They fly blind but see by echolocation, snapping up a midge every couple of seconds. In two or three hours of the night they’ll consume twice their own weight in midge. I guess that means coming home weighing three times what you did when you kissed the family goodbye and flew off to work.

If you’ve ever been in the Scottish highlands or similar latitudes on a summer evening and tried to swat a midge, you’ll know it can’t be done. They’re fast, and practically too tiny to see. To them, we must be as big as the Eiffel Tower, and almost as immobile. But the bats have got midges figured.

Clever little things! There are over a thousand species of bat in this world, filling niches across the land.  Much reduced in total number these days as their habitats have been occupied or eliminated, but this wooded valley, with its appealing old mill building and unpolluted, midge-rich river, is a still a niche that needs them.

Another canny feature of their lives that our host told us about: in autumn the bats congregate at a wooded spot downstream to meet and mingle with other colonies. They mate, but the females don’t fertilize until spring, once they’re sure it’s going to be a good season for foraging. They raise a single baby bat every one or two years.

The hot chocolate was ladled from a big shiny vat, and was as good as any I’ve ever tasted.

The Game-Changer

There is a long struggle ahead of us and the outlines of that struggle just got a little more clear this week, when Elizabeth Warren, the Senator from Massachusetts, introduced the Accountable Capitalism Act, which is about nothing much less than  changing the game.   Her legislation calls for corporations that make over $1 billion a year to be formally responsible not just to their shareholders but also to their workers, customers, and communities – which last concept hopefully extends to the environment.  This is important because at present the board of directors and the management of corporations are legally bound to maximize economic return.  That is the only criteria – other than not breaking the law – with which they are allowed to make decisions.  This dictate is the backbone of capitalism as we know it, which is to say a most predatory, ruthless, and myopic kind of capitalism which sooner or later is going to get us all killed.

Of course the spokespersons for the titans of industry and finance say not only is Elizabeth Warren “batty” but also that  she is a Communist who must be shut up or all the businesses in America will move to Switzerland ( I kid you not.)   Because heaven knows American Capitalism  Will Not Survive being responsible for anything but making as much money as possible!  Such a fragile flower cannot be asked to clean up its own room or do the dishes.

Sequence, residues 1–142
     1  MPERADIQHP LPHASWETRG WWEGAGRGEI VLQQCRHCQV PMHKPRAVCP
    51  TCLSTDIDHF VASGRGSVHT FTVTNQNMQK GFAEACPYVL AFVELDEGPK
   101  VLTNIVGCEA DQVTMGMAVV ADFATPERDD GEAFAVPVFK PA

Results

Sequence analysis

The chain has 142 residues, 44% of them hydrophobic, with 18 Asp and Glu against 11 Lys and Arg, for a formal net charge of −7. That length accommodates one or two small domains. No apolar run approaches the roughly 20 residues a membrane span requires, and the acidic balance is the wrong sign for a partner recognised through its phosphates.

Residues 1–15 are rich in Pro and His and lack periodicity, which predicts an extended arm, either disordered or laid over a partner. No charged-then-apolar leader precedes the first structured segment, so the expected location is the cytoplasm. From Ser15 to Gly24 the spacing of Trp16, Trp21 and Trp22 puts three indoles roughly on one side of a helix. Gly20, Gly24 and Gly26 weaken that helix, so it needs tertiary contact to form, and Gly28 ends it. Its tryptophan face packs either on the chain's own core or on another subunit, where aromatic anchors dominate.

As the incomparable Charles Pierce puts it:

This is one of the first complete frontal assaults on the economic theories that have ruled American politics in one form or another for the past four decades. It is one of the first substantial efforts to treat the ascendancy of conservative economic ideas as a thoroughgoing blight that must be reversed, and it does so by turning the achievements of which conservative economic ideologues are proudest back on them. Corporate personhood? OK, then we’re going to have corporate jail, too. A rising tide lifts all boats? We’re going to be sure everyone has a seat.

Elizabeth Warren’s Accountable Capitalism Act is significant – perhaps even world-historically significant – but her legislation is just one point in a change in the air, in the mood, in a growing awareness.   She has brought up into the bright light of the national political debate  a simmering knowledge that what we do in pursuit of business success  has complex consequences and those consequences are not adequately weighed and measured in the quarterly accounting of profit and loss, of Return On Investment, and Asset Liquidity.  The long struggle will be to make this point over and over again – that we  all must be responsible to a greater conception of the good and profitable – until it becomes common knowledge and the way we do things.

I tell you what…I’m signing on to her team.

Deliverance and hope

It rained for the first time in three months the other day, a deliverance of a sort. The hurricane Hector had come farther and farther north, closer and closer the whole week as it made its way west from the Baja, then skirted the south part of the island as it roared by, dragging a little rain in its wake. A near miss. No real wind and a little rain. A godsend. The fires had been loose around the island for some time so the crews finally had some needed help. The pastures have begun to green again in quick response.

Deliverance and hope.